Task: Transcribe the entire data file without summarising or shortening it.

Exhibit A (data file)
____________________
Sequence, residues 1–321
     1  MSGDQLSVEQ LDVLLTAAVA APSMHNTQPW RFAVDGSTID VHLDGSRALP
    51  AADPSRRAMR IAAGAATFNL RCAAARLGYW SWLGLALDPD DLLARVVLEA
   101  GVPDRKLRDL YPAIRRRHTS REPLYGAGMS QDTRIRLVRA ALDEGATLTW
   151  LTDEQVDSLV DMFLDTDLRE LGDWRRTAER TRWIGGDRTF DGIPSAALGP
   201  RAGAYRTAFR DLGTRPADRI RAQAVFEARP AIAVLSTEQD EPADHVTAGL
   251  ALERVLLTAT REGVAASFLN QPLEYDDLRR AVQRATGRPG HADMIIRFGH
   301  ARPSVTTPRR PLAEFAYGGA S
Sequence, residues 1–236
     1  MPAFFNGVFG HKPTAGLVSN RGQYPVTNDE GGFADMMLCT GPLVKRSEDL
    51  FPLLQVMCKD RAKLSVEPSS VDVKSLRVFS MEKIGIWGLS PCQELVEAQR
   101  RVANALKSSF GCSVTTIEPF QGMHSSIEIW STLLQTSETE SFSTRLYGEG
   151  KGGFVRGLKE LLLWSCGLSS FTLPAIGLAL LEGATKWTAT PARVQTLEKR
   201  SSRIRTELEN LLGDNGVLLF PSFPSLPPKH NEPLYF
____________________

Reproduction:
Sequence, residues 1–321
     1  MSGDQLSVEQ LDVLLTAAVA APSMHNTQPW RFAVDGSTID VHLDGSRALP
    51  AADPSRRAMR IAAGAATFNL RCAAARLGYW SWLGLALDPD DLLARVVLEA
   101  GVPDRKLRDL YPAIRRRHTS REPLYGAGMS QDTRIRLVRA ALDEGATLTW
   151  LTDEQVDSLV DMFLDTDLRE LGDWRRTAER TRWIGGDRTF DGIPSAALGP
   201  RAGAYRTAFR DLGTRPADRI RAQAVFEARP AIAVLSTEQD EPADHVTAGL
   251  ALERVLLTAT REGVAASFLN QPLEYDDLRR AVQRATGRPG HADMIIRFGH
   301  ARPSVTTPRR PLAEFAYGGA S
Sequence, residues 1–236
     1  MPAFFNGVFG HKPTAGLVSN RGQYPVTNDE GGFADMMLCT GPLVKRSEDL
    51  FPLLQVMCKD RAKLSVEPSS VDVKSLRVFS MEKIGIWGLS PCQELVEAQR
   101  RVANALKSSF GCSVTTIEPF QGMHSSIEIW STLLQTSETE SFSTRLYGEG
   151  KGGFVRGLKE LLLWSCGLSS FTLPAIGLAL LEGATKWTAT PARVQTLEKR
   201  SSRIRTELEN LLGDNGVLLF PSFPSLPPKH NEPLYF